Try this search over all volumes: ment
Results 1-0 of 0
What people are saying - Write a review
We haven't found any reviews in the usual places.
Other editions - View all
able abuses Address advantage allowed appeared become benefit better Bill body Brougham cause character Church classes common conduct course Court Defendant desire discussion duty effect established existence expect express EXTRACT eyes fact feel follow Friend gain give Government gratification hand honour House House of Commons important improve independence institutions interests Judges justice kind knowledge late learning least less live look Lords means measure ment mind nature never Noble numbers object obtain occasion opinion Orders in Council Parliament pass peace persons pleasure poor practical present principles produce prove question reading Reform respect rest safe sense Slave SPEECH stand suffer sure things tion Trade treat true truth whole witnesses
Page 135 - ... by mere pressure, without any machinery, by merely being placed in a particular way, produce an irresistible force? What can be more strange, than that an ounce weight should balance hundreds of pounds, by the intervention of a few bars of thin iron ? Observe the extraordinary truths which Optical Science discloses.
Page 162 - But how much nobler will be the Sovereign's boast, when he shall have it to say that he found law dear, and left it cheap ; found it a sealed book — left it a living letter ; found it the patrimony of the rich — left it the inheritance of the poor ; found it the two-edged sword of craft and oppression — left it the staff of honesty and the shield of innocence...
Page 195 - I trust that at length the time is come, when Parliament will no longer bear to be told, that Slave-owners are the best lawgivers on Slavery; no longer suffer our voice to roll across the Atlantic in empty warnings, and fruitless orders.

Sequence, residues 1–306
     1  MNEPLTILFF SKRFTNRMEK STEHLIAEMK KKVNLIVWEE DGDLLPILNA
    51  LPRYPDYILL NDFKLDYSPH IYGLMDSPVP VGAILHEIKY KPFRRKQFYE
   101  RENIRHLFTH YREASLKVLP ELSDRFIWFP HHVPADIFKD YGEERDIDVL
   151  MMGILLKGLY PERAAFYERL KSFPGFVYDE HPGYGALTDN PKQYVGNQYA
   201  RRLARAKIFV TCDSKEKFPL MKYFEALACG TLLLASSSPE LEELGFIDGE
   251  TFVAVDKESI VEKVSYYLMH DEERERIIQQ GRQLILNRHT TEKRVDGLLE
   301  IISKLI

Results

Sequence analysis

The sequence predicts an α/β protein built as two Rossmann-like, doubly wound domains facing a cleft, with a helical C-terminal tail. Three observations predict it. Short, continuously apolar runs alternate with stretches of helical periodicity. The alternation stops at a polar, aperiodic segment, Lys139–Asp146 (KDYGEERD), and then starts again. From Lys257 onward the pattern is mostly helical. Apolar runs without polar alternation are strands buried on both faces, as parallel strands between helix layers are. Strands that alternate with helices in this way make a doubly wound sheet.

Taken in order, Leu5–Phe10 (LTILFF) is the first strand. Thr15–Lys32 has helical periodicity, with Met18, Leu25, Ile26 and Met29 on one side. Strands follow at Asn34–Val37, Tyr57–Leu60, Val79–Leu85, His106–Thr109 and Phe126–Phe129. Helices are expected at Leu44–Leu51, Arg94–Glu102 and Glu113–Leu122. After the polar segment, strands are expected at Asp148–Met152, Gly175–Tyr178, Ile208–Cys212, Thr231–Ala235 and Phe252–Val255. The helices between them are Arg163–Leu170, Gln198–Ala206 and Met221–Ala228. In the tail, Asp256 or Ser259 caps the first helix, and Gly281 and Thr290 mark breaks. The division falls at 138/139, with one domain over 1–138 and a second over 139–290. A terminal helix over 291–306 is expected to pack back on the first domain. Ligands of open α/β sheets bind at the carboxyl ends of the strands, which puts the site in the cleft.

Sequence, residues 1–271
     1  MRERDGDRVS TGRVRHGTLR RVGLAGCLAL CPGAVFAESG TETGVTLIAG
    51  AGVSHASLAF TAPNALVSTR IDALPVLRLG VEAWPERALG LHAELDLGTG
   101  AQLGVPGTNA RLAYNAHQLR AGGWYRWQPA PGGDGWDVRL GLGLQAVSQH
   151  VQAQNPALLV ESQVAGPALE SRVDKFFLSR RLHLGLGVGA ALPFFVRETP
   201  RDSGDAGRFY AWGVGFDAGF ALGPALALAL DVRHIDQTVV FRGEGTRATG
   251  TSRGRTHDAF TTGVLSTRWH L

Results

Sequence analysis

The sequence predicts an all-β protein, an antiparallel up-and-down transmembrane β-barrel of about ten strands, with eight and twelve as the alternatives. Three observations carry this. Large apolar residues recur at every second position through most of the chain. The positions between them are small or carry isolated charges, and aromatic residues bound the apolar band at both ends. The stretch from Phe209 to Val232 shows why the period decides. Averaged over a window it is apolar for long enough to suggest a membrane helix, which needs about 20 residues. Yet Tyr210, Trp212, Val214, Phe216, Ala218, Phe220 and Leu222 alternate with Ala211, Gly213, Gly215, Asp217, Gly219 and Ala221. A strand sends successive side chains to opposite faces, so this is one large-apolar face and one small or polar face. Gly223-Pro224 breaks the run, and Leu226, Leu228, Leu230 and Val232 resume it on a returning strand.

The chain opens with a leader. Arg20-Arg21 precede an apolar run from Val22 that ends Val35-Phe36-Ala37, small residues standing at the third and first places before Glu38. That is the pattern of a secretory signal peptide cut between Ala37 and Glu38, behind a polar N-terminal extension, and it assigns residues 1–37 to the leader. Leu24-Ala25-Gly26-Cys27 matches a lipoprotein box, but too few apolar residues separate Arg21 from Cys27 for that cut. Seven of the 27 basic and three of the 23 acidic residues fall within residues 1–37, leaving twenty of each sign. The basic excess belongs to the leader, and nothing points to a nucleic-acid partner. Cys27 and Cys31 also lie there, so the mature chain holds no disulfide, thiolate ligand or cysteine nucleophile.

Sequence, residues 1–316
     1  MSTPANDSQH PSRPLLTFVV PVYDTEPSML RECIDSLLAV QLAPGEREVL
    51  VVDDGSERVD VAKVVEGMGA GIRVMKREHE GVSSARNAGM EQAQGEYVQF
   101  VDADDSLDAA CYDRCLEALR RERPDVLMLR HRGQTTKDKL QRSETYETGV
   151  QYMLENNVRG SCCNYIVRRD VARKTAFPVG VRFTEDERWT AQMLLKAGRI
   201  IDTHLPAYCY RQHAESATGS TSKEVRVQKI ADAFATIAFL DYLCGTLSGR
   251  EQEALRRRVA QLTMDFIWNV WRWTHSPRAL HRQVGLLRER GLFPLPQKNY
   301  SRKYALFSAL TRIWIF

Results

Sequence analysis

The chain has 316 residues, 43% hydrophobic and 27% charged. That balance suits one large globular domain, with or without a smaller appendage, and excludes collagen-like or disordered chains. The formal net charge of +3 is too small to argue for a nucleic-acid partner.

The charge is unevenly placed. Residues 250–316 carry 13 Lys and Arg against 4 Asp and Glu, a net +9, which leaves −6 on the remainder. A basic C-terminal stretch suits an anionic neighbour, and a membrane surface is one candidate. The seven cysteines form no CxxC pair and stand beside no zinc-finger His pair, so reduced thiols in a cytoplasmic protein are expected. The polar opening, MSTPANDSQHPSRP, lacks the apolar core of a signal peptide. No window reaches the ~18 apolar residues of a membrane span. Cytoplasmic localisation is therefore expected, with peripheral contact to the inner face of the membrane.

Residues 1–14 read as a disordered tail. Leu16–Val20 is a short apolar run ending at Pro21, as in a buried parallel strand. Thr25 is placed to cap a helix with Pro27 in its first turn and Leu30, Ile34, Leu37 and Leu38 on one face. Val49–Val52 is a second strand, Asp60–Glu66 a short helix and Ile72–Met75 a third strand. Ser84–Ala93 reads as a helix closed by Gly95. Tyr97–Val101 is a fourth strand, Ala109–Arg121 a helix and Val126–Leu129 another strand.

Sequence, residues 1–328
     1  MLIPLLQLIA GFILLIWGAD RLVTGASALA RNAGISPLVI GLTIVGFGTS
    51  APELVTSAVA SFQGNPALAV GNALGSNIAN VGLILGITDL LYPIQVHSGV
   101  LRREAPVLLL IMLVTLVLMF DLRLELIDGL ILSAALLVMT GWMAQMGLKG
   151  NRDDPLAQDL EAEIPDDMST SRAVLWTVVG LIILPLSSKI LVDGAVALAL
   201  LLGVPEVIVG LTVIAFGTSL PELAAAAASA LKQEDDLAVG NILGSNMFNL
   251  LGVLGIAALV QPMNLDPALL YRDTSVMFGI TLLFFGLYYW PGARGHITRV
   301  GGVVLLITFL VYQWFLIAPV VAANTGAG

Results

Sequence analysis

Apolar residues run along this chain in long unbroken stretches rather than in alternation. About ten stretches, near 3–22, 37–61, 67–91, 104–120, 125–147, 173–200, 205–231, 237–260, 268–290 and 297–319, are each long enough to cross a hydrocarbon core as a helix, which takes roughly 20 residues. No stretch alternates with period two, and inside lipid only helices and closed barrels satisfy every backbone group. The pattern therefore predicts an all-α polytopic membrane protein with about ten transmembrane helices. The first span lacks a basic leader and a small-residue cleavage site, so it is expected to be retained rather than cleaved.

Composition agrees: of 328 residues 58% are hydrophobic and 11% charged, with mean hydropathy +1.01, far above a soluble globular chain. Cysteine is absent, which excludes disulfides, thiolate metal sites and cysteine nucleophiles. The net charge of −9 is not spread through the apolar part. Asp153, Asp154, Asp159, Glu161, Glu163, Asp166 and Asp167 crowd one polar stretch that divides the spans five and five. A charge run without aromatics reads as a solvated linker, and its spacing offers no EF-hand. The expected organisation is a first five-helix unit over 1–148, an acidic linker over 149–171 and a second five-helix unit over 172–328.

Page 195 - There is a law above all the enactments of human codes — the same throughout the world, the same in all times — such as it was before the daring genius of Columbus pierced the night of ages, and opened to one world the sources of power, wealth, and knowledge ; to another, all unutterable woes ; such it is at this day : it is the law written by the ringer of God on the heart of man ; and...
Page 143 - One of the most delightful treats which science affords us is the knowledge of the extraordinary powers with which the human mind is endowed. No man, until he has studied philosophy, can have a just idea of the great things for which Providence has fitted his understanding — the extraordinary disproportion which there is between his natural strength, and the powers of his mind and the force he derives from them.
Page 84 - ... willed — that the Queen should be deprived of its solemn service. She has instead of that solemnity, the heartfelt prayers of the people. She wants no prayers of mine. But I do here pour forth my humble supplications at the Throne of Mercy, that that mercy may be poured down upon the people, in a larger measure than the merits of its rulers may deserve, and that your hearts may be turned to justice ! [Mr.
Page 140 - To learn these things, and to reflect upon them, occupies the faculties, fills the mind, and produces certain as well as pure gratification. But if the knowledge of the doctrines unfolded by science is pleasing, so is the being able to trace the steps by which those doctrines are investigated, and their truth demonstrated : indeed you cannot be said, in any sense of the word, to have learnt them, or to know them, if you have not so studied them as to perceive how they are proved. Without this you...
Page 196 - Yet, despite of law and of treaty, that infernal traffic is now destroyed, and its votaries put to death like other pirates. How came this change to pass ? Not, assuredly, by Parliament leading the way ; but the country at length awoke ; the indignation of the...
Page 195 - Tell me not of rights — talk not of the property of the Planter in his Slaves. I deny the right — I acknowledge not the property. The principles, the feelings of our common nature, rise in rebellion against it. Be the appeal made to • the understanding or to the heart, the sentence is the same that rejects it. In vain you tell me of laws that sanction such a claim ! There is a law above all the enactments of human codes — the same throughout the world, the same in all times — such as it...